Tuesday, February 14, 2012

Willful Know-Nothings

We don’t need no stinkin’ facts

“It’s one of the great assumptions underlying modern democracy that an informed citizenry is preferable to an uninformed one. ‘Whenever the people are well-informed, they can be trusted with their own government,’ Thomas Jefferson wrote in 1789. This notion, carried down through the years, underlies everything from humble political pamphlets to presidential debates to the very notion of a free press. Mankind may be crooked timber, as Kant put it, uniquely susceptible to ignorance and misinformation, but it’s an article of faith that knowledge is the best remedy. If people are furnished with the facts, they will be clearer thinkers and better citizens. If they are ignorant, facts will enlighten them. If they are mistaken, facts will set them straight.

“In the end, truth will out. Won’t it?

“Maybe not. Recently, a few political scientists have begun to discover a human tendency deeply discouraging to anyone with faith in the power of information. It’s this: Facts don’t necessarily have the power to change our minds. In fact, quite the opposite. In a series of studies in 2005 and 2006, researchers at the University of Michigan found that when misinformed people, particularly political partisans, were exposed to corrected facts in news stories, they rarely changed their minds. In fact, they often became even more strongly set in their beliefs. Facts, they found, were not curing misinformation. Like an underpowered antibiotic, facts could actually make misinformation even stronger.”

—Joe Keohane, writer, “How Facts Backfire:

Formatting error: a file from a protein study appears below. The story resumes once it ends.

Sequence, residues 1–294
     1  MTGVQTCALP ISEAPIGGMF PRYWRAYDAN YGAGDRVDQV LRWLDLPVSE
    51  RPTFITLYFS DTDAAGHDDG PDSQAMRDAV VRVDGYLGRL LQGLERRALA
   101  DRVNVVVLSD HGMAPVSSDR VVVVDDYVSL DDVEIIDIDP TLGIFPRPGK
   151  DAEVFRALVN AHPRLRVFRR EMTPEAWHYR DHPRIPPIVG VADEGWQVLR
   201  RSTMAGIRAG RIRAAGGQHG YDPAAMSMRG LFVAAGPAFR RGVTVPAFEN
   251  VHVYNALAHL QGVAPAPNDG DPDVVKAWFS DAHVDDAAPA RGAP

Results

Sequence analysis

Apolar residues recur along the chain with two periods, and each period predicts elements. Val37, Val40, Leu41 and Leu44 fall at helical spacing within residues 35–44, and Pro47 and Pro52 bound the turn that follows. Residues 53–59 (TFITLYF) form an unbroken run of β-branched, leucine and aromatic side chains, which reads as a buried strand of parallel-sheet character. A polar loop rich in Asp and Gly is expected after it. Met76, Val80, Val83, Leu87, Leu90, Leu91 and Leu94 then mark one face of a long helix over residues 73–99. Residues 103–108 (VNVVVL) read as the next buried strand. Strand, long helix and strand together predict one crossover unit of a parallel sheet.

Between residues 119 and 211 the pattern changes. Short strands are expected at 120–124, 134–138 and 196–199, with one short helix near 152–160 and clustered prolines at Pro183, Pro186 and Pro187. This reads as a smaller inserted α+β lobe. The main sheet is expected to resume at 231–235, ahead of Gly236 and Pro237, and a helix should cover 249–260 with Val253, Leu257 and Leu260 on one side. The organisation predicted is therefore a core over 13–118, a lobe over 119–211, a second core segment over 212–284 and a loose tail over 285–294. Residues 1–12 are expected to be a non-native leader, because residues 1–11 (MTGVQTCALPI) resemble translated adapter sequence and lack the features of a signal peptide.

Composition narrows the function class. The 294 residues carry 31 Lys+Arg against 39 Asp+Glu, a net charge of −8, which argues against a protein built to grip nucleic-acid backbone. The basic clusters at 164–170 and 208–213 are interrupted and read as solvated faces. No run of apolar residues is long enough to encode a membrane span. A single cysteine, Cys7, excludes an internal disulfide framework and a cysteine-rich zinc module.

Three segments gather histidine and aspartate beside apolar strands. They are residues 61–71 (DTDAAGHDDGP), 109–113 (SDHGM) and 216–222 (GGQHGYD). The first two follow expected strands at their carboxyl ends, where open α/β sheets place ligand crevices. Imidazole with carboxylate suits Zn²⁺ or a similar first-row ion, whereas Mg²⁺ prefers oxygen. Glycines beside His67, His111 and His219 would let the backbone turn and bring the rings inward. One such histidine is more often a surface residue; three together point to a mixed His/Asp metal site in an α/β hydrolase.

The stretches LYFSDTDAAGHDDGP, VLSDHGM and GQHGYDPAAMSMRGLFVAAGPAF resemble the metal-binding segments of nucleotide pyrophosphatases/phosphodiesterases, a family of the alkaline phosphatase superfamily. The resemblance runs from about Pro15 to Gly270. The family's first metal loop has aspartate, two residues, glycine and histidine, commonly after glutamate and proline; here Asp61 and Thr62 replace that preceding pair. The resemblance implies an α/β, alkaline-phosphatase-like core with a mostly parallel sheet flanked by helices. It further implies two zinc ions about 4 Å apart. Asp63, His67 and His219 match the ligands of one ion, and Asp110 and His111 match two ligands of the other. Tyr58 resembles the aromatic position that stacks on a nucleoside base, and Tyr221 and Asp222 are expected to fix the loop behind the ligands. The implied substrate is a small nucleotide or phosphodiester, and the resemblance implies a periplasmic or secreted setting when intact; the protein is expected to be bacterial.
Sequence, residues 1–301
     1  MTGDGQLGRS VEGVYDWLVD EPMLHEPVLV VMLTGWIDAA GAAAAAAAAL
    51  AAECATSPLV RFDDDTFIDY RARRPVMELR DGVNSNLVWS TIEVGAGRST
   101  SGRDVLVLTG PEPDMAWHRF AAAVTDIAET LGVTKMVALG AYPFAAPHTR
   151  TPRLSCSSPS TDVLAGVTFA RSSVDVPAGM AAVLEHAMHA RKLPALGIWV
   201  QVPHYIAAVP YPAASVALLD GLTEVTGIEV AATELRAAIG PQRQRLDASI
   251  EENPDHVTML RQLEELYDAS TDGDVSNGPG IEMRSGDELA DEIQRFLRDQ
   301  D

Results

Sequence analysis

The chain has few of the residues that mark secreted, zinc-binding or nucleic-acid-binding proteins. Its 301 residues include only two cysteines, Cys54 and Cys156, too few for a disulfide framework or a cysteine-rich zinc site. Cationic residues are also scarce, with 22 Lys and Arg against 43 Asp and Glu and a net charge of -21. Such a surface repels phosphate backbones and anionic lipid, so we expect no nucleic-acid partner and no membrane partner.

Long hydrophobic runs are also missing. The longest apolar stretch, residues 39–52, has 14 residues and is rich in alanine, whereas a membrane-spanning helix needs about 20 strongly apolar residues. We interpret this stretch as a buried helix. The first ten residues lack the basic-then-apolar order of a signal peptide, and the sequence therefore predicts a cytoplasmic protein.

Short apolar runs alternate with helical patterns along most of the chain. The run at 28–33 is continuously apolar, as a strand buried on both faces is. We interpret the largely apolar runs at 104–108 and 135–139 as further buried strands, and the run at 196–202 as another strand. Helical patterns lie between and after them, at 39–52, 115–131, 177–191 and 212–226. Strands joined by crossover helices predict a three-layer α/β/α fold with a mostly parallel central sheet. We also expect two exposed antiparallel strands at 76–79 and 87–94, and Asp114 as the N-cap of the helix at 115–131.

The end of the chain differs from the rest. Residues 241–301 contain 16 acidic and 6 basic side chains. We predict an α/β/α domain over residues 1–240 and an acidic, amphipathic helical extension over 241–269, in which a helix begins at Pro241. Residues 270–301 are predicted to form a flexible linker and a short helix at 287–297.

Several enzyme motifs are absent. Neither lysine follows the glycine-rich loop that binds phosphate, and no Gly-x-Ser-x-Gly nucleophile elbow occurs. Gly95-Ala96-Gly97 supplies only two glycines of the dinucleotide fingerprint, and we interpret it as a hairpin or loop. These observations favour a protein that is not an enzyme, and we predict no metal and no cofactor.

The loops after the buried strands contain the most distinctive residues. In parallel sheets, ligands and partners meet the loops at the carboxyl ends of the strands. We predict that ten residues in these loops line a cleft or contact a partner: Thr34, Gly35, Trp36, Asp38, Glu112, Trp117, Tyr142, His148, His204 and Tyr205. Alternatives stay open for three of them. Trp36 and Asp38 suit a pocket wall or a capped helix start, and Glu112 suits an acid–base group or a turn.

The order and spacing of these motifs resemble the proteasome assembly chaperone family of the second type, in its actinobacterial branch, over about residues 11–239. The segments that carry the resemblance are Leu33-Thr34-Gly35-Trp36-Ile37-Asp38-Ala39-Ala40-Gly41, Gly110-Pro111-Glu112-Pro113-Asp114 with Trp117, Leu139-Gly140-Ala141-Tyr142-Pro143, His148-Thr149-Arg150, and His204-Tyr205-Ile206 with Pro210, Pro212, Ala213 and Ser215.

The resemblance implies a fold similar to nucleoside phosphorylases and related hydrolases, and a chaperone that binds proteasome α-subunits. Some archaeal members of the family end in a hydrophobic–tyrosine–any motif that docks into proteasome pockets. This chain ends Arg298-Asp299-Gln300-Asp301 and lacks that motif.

Researchers discover a surprising threat to democracy—our brains,” Boston.com, 2010
(Thanks to alert WORDster Brenda Cooper)

• Editorial Comment: Bull. I don’t believe that.

• Free Humiliation: Take this quiz from BusinessWriting.com of the 25 most misspelled (or mispelled?) words.

News from our award-winning student news site, The Hard News Café
The Green Beam—Nighttime landmark is the world’s largest laser, by Lindsay Nemelka, Aggie BluePrint
Weekly News Roundup, Feb. 6-12, 2012
Journalism students go to ‘war’ with Army ROTC in Green Canyon
, by Rhett Wilkinson
KSL social media director offers PR students view of new marketplace, by Allie Jeppson
RCDE’s steel, concrete HQ to expand USU’s virtual and online presence
, by Kristi Ottley
In the dark: 20% of USU-Eastern streetlights, pathway lights are out, by Seth Richards
Review: ASCAP music café serves up a smörgasborg for the ears
, by Max Parker Dahl
The Aggie TV News Team reports on the Powell children’s murder; students represent the “66%” at Utah Capitol protest; same-sex discrimination bill dies in committee . . . and more! (Feb. 8 edition). Bookmark ATV News

PeezPIX by Ted Pease

PeezPix cards & prints
. . . Catalog here.

The Wellsvilles float above Cache Valley haze.


1 comment:

  1. I have spent years trying to understand this phenomenon: how people (some truly intelligent) can believe absurd things in the face of facts.